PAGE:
Portugal has questioned the UK’s decision to move the country to the amber travel list, as Transport Secretary Grant Shapps raised concerns over a new coronavirus mutation and rising cases.
The holiday hotspot, including the islands of Madeira and the Azores, will be removed from the green list exempting the need to quarantine on return from 4am on Tuesday.
However, a Portuguese ministerial social media account has said that they “cannot understand” the “logic” of the decision, amid dismayed reaction from the travel industry.
Soon after the changes were revealed, the account of the cabinet of Portugal’s Minister of State for Foreign Affairs tweeted in English: “We take note of the British decision to remove Portugal from the travel ‘green list’, the logic of which we cannot understand.
“Portugal continues to carry out its prudent and gradual deconfinement plan, with clear rules for the safety of those who live here and those who visit us.”
People returning to the UK from Portugal will be required to self-isolate at home for 10 days as part of coronavirus restrictions.
Afghanistan, Bahrain, Costa Rica, Sudan, and Trinidad and Tobago will also be placed on the red list, meaning people arriving in the UK from those nations will be required to stay in a quarantine hotel for 11 nights.
People returning to the UK from red-list locations must stay in a quarantine hotel at a cost of £1,750 for solo travellers.
No countries have been added to the green list, despite speculation that some Spanish and Greek islands, plus Malta, would be added.
In an interview, Mr Shapps said: “I want to be straight with people, it’s actually a difficult decision to make, but in the end we’ve seen two things really which caused concern.
“One is the positivity rate has nearly doubled since the last review in Portugal and the other is there’s a sort of Nepal mutation of the so-called Indian variant which has been detected and we just don’t know the potential for that to be vaccine-defeating mutation and simply don’t want to take the risk as we come up to June 21 and the review of the fourth stage of the unlock.”
Andrew Flintham, the managing director of the TUI UK travel group, blasted the announcement as “another step back for our industry”.
He said: “We were reassured that a green watch list would be created and a weeks’ notice would be given so travellers wouldn’t have to rush back home. They have failed on this promise.”
Heathrow chief executive John Holland-Kaye added: “Ministers spent last month hailing the restart of international travel, only to close it down three weeks later all but guaranteeing another lost summer for the travel sector.
“If the Government is serious about protecting UK jobs and supporting businesses across the country, rapid action is needed to reopen flights to key trading partners, remove testing for vaccinated passengers from ‘green’ countries, and slash the cost and complexity of testing, as other G7 countries are doing.”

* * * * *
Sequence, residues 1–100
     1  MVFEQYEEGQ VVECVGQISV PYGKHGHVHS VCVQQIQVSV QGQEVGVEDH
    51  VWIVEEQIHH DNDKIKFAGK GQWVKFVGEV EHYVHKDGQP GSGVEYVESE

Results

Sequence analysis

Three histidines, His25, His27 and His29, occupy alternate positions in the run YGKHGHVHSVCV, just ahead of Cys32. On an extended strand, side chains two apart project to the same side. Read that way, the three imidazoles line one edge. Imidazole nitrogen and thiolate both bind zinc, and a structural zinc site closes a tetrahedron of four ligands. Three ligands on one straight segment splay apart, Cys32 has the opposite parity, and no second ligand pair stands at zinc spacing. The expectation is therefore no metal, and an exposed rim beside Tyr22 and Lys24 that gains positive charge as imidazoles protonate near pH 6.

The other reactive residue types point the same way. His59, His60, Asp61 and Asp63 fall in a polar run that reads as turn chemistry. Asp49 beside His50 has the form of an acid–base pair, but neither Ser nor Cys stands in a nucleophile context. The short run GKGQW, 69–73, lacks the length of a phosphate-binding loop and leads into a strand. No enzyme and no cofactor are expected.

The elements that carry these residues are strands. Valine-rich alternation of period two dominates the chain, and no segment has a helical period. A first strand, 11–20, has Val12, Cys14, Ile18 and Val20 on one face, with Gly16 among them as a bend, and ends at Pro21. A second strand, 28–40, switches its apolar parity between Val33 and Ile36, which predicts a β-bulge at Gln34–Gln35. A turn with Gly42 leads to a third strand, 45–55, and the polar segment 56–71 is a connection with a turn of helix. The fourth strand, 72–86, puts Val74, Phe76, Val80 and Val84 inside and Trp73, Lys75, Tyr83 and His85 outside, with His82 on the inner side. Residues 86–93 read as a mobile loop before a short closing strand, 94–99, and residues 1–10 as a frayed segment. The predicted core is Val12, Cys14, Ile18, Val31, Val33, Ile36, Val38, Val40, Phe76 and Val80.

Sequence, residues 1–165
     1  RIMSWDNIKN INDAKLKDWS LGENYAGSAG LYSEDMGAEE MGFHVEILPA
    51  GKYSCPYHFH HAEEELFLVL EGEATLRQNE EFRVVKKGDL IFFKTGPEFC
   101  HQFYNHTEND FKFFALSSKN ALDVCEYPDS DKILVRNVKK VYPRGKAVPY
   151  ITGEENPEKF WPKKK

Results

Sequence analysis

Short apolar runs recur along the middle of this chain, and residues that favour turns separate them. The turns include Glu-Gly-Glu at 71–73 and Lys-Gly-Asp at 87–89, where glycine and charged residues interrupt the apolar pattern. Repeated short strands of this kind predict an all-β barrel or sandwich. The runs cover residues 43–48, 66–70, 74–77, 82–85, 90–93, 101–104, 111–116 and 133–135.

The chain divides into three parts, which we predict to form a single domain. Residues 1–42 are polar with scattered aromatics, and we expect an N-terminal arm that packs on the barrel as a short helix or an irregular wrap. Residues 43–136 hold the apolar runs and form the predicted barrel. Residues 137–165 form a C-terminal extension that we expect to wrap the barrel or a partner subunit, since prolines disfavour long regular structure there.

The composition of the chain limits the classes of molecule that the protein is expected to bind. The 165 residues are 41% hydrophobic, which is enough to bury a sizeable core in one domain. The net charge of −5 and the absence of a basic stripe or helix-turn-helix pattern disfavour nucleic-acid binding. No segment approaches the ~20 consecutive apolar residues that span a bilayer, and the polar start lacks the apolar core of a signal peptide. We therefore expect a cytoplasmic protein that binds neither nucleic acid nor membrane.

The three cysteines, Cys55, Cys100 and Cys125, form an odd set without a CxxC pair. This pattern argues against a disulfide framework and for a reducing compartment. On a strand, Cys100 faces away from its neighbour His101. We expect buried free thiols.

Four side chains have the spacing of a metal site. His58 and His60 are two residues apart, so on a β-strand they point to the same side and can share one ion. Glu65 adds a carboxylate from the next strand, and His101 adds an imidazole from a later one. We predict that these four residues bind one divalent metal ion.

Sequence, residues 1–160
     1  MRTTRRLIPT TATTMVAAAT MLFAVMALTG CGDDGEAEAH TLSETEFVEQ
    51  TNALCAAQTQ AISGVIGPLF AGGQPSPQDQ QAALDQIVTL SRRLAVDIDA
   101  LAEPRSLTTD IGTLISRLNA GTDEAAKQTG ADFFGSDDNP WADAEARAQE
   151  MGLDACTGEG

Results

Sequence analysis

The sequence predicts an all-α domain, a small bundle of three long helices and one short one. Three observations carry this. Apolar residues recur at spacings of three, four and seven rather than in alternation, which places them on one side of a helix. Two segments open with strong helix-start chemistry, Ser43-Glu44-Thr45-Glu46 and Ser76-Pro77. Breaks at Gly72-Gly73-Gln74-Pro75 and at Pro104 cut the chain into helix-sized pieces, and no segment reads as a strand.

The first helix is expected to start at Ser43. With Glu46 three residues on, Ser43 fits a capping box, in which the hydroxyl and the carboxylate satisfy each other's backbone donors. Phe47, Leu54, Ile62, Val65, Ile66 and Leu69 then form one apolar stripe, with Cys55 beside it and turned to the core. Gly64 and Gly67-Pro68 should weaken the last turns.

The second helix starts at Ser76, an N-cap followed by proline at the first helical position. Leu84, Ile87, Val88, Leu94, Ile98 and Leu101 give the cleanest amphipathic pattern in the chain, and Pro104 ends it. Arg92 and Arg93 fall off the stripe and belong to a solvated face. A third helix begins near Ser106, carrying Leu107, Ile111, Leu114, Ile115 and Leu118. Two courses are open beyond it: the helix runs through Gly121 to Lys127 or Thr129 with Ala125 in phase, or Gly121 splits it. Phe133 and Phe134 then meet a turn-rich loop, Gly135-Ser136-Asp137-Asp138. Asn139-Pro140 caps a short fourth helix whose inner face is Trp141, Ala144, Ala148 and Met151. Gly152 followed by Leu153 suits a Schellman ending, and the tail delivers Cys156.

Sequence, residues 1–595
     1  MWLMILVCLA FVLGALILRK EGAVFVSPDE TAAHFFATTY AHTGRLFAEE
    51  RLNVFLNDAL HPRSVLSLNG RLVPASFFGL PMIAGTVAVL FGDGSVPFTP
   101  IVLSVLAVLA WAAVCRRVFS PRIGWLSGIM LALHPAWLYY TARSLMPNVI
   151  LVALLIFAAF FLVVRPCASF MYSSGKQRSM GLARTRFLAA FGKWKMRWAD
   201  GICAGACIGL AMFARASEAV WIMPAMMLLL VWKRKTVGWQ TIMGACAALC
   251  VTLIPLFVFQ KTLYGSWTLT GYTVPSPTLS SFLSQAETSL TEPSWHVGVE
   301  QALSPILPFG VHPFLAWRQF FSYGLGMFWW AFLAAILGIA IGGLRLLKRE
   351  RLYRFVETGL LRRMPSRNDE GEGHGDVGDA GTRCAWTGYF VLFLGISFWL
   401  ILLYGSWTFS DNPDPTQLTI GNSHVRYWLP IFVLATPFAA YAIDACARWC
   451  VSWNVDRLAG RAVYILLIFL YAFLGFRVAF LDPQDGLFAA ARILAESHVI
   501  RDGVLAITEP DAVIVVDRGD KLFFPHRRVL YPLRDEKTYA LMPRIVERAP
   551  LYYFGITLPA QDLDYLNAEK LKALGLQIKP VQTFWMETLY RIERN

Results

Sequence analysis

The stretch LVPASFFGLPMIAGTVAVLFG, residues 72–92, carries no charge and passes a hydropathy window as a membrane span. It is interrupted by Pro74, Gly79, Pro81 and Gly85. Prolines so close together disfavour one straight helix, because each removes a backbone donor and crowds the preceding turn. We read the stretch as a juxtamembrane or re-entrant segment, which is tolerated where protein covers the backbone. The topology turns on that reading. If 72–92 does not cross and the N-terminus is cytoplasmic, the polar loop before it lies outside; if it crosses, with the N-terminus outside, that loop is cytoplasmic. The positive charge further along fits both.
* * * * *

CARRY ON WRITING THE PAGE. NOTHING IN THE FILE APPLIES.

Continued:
Many holidaymakers in Portugal face a scramble for flights home before the new rules are introduced.
Labour criticised the “chaos” as reports about the restrictions dripped out of the Government ahead of official confirmation and travel bosses said the move will cause “untold damage to customer confidence”.
Shadow home secretary Nick Thomas-Symonds said: “The confusion over the ‘amber list’ has led to reports of over 50,000 people travelling to the UK daily, with only a tiny percentage going into hotel quarantine and a stream of flights entering the UK from ‘Amber List’ countries.”
He went on: “Moving Portugal onto the ‘Amber List’ is not the answer. The ‘Amber List’ itself should be scrapped.”
Portugal’s seven-day rate of coronavirus cases per 100,000 people stands at 37.2, up from 30.7 a week earlier.
The announcement came as Public Health England said the Covid-19 variant that originated in India was now believed to be dominant in the UK, with early evidence suggesting it may lead to an increased risk of hospital admissions compared with the Kent variant.
Dr Jeff Barrett, director of the Covid-19 Genomics Initiative at the Wellcome Sanger Institute, said the Nepal mutation (B.1.617.2 with an additional mutation: K417N) of the variant first detected in India (B.1.617.2), has also been observed in other variants including the one first identified in South Africa.
He said it “is believed to be part of why that variant (South African) is less well neutralised by vaccines”.
Dr Barrett added that because of this possibility and because the Indian variant appears more transmissible than the variant first detected in South Africa, scientists are monitoring it carefully.
He explained this Indian variant plus the K417N mutation has been seen in numerous countries, including the UK, Portugal, the USA, India, Nepal and Japan.